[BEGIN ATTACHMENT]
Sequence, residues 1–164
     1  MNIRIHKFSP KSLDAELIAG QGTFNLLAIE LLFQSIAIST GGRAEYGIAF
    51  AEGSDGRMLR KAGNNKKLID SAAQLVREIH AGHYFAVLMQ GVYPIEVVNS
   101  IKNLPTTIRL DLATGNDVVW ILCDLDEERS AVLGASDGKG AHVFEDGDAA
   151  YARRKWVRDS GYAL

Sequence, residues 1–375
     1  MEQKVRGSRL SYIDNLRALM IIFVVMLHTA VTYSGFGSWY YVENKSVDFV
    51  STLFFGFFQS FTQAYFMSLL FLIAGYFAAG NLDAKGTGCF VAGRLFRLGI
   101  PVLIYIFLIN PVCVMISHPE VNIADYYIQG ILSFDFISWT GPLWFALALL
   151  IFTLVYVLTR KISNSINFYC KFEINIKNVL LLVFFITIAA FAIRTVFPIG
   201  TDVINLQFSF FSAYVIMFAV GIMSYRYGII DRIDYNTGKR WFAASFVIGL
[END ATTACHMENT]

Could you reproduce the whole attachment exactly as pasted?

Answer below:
Sequence, residues 1–164
     1  MNIRIHKFSP KSLDAELIAG QGTFNLLAIE LLFQSIAIST GGRAEYGIAF
    51  AEGSDGRMLR KAGNNKKLID SAAQLVREIH AGHYFAVLMQ GVYPIEVVNS
   101  IKNLPTTIRL DLATGNDVVW ILCDLDEERS AVLGASDGKG AHVFEDGDAA
   151  YARRKWVRDS GYAL

Sequence, residues 1–375
     1  MEQKVRGSRL SYIDNLRALM IIFVVMLHTA VTYSGFGSWY YVENKSVDFV
    51  STLFFGFFQS FTQAYFMSLL FLIAGYFAAG NLDAKGTGCF VAGRLFRLGI
   101  PVLIYIFLIN PVCVMISHPE VNIADYYIQG ILSFDFISWT GPLWFALALL
   151  IFTLVYVLTR KISNSINFYC KFEINIKNVL LLVFFITIAA FAIRTVFPIG
   201  TDVINLQFSF FSAYVIMFAV GIMSYRYGII DRIDYNTGKR WFAASFVIGL